Survey: Stimulus package not all it's cracked up to be

While some remodelers are realizing benefits from the stimulus package, most say it has had no effect on their business, according to the latest Professional Remodeler research.

September 30, 2009

What else can be done?


The stimulus package and its energy-retrofit tax credits since their passage earlier this year have been the focus of attention in the remodeling industry. Remodelers, manufacturers and suppliers have been touting the consumer benefits of credits for replacing windows, improving insulation and installing alternative energy products.

But is it making a difference? For most remodelers, the answer appears to be no.

Small group reaps benefits


More than 80 percent of remodelers said the tax credits have had no effect on their company or decreased business.

In our latest Professional Remodeler research, 18 percent of remodelers said they have had increased business because of the energy-retrofit tax credits, and only 1 percent said it substantially increased business. Instead, 76 percent said it has had no effect on their business, and 6 percent said it had actually decreased their business.

The stimulus didn't fare much better in the eyes of remodelers. A majority expect it to affect the economy — they just can't agree what that impact will be. In fact, more remodelers (32 percent) think the stimulus will worsen economic conditions than improve them (28 percent). More than 40 percent of remodelers said they expect the package to have no impact on conditions.

In both cases, remodelers in the Northeast are seeing a bigger benefit. Thirty percent of remodelers there said the tax credits have increased their business, compared with less than 20 percent in the rest of the country. Almost 40 percent of remodelers in the Northeast also said they expect the stimulus to improve the economy compared with 23 to 26 percent in the Midwest, South and West. With the oldest housing stock in the country, remodelers in the Northeast may be best positioned to take advantage of credits for upgrades.

Only a third of remodelers are using the stimulus package as part of their marketing efforts.
A plurality of remodelers expect the stimulus to have no effect on the economy and only 28 percent expect it to improve economic conditions, compared with 32 percent who think it will worsen them.


Qualms with the stimulus package

We asked remodelers to identify the biggest flaw of the stimulus package, and 48 percent said too much government involvement, followed by 19 percent who said it didn't help their individual business, 11 percent who said it was too little stimulus and 9 percent who said consumers are unaware of the tax credits.

Another 11 percent selected "other." Some of their responses:

"Too much emphasis on energy."

  • "Unless there are ongoing monies available, it can only act as a short-term mechanism."
  • "Window criteria is ridiculous."
  • "Rebates/credits are too complex."
  • "Not long enough."
  • "A tax credit of $1,500 is too little and too late."
  • "Too much paperwork."
  • "My clients just do not want to spend any money or they do not have any money to spend."

Stimulus strengths

Half of all respondents said the stimulus package had no strengths. Not everyone has a negative outlook on the stimulus, though. The top strength of the package is that it is encouraging people to upgrade their product choices, said 21 percent of remodelers. Another 10 percent said it stimulates the economy, 6 percent said it drives business to remodelers and 5 percent said it builds consumer confidence.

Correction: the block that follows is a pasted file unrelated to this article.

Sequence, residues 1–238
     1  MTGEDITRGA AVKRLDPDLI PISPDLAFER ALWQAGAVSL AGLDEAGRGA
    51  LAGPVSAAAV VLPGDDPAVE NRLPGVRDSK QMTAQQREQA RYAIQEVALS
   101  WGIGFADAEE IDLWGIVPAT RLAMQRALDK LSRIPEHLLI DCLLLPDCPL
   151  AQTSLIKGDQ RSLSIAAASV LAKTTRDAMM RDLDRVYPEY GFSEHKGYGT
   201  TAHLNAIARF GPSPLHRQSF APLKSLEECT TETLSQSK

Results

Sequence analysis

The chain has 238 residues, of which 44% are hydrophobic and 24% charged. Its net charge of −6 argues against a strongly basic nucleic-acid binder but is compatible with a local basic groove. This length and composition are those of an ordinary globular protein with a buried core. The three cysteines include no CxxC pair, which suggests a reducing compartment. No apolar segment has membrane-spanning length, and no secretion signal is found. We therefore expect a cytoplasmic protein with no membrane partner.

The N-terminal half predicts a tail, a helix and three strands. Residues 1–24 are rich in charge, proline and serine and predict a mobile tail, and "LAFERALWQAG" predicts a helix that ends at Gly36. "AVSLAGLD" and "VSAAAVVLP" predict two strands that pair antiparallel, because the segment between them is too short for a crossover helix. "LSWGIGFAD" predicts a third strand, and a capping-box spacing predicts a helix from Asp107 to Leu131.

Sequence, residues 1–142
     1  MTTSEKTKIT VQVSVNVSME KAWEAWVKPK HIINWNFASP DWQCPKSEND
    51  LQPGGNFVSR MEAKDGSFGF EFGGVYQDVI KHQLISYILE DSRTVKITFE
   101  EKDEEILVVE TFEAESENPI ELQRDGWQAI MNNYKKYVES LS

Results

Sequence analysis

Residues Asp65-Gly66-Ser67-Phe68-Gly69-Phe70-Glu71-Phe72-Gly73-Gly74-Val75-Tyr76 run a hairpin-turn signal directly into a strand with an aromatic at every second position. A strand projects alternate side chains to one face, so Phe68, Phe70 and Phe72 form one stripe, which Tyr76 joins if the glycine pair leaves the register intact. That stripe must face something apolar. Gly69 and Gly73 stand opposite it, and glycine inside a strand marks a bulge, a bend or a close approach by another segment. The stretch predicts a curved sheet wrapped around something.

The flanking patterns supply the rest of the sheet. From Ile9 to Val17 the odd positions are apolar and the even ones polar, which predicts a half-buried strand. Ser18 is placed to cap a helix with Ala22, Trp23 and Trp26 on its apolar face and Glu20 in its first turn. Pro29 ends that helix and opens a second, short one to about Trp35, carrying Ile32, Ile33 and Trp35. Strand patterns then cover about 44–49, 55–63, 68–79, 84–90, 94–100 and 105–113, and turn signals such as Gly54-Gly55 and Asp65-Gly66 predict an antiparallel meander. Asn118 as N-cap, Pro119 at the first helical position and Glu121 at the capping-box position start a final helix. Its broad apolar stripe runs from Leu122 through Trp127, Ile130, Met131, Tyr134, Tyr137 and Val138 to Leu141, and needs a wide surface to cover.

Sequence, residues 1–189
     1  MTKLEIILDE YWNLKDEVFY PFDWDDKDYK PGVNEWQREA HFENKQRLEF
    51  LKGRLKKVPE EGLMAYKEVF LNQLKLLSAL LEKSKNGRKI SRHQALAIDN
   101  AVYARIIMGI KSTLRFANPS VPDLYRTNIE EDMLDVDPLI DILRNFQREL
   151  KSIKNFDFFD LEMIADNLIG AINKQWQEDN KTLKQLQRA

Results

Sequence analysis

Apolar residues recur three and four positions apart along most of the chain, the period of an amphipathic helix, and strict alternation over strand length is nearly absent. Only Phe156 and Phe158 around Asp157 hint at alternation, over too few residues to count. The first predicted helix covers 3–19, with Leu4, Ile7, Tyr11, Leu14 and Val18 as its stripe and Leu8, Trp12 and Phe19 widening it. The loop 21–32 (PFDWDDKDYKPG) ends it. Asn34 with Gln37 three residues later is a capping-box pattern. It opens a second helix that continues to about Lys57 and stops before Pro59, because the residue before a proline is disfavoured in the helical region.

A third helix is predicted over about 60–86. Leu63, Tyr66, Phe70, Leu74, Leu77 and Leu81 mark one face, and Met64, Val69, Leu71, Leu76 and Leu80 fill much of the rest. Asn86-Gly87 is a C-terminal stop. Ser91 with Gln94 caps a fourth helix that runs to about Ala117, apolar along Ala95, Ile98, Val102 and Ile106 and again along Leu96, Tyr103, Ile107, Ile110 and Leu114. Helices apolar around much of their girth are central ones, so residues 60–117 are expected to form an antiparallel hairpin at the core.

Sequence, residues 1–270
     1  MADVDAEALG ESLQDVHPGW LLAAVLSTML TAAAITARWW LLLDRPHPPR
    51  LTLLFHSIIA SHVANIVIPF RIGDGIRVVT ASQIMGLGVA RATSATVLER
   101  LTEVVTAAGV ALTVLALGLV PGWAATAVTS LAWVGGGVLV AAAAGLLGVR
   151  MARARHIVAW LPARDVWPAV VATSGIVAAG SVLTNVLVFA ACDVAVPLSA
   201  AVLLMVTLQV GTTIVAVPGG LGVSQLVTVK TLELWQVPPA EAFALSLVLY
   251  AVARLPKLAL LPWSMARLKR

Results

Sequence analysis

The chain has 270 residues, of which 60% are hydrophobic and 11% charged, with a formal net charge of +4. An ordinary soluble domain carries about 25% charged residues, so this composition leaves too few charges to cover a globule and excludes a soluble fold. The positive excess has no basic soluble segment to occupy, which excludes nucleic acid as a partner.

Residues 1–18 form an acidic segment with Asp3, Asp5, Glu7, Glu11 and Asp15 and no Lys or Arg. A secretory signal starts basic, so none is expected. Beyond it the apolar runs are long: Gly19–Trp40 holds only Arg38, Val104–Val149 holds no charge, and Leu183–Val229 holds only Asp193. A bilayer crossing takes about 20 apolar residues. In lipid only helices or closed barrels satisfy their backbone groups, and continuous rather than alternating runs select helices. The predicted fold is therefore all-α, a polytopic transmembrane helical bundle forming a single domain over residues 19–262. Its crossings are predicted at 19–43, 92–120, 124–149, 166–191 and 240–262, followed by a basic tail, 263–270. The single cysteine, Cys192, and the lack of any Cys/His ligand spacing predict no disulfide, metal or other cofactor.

The category that will see the biggest benefit from the tax credits is windows and doors, according to our survey, with 49 percent of remodelers noting it. That's not particularly surprising, as window replacement contractors and manufacturers have made the biggest push in marketing the stimulus tax credits. The next highest categories were insulation and HVAC, each selected by 14 percent of remodelers. Only 9 percent of remodelers said they think alternative energy, such as solar and geothermal, will be the most popular type of remodel despite the larger credits on those projects.


What else can be done?

We asked remodelers, "What else could be done to stimulate the remodeling industry?" Here are a few responses:

  • "Provide funds for the poor to repair or maintain their homes."
  • "Income tax cuts so everyone who is earning has more money to do things like remodeling."
  • "Do something similar to the Cash for Clunkers program for homeowners improving or replacing what they have."
  • "Tax break for the contractors."
  • "Money must come to the remodeling industry in the way of loans. Banks still are not loaning."
  • "Appraisals that are reasonable."
  • "Lower taxes and reduce government involvement in the private sector."
  • "I believe that we are already giving away our kids' future. I do not believe we should do anything else with government money."
  • "Free up lending to existing homeowners and new-home buyers."
  • "The banks need to start lending again."
  • "Sales tax relief on building products."
  • "Cause homeowners to feel more secure that they won't lose their job any day."
  • "I believe the market could be stimulated by more positive media coverage."
  • "Get the government out of our pockets."
  • "Tie tax credits to major recycling."
  • "Provide low-interest loans to people who are looking to renovate using green materials and contractors certified in green building."


549 remodelers completed the Internet survey Aug. 3 to Aug. 11, 2009. Participants were chosen from a random sample of subscribers to Professional Remodeler magazine or its Remodelers' Update e-newsletter.


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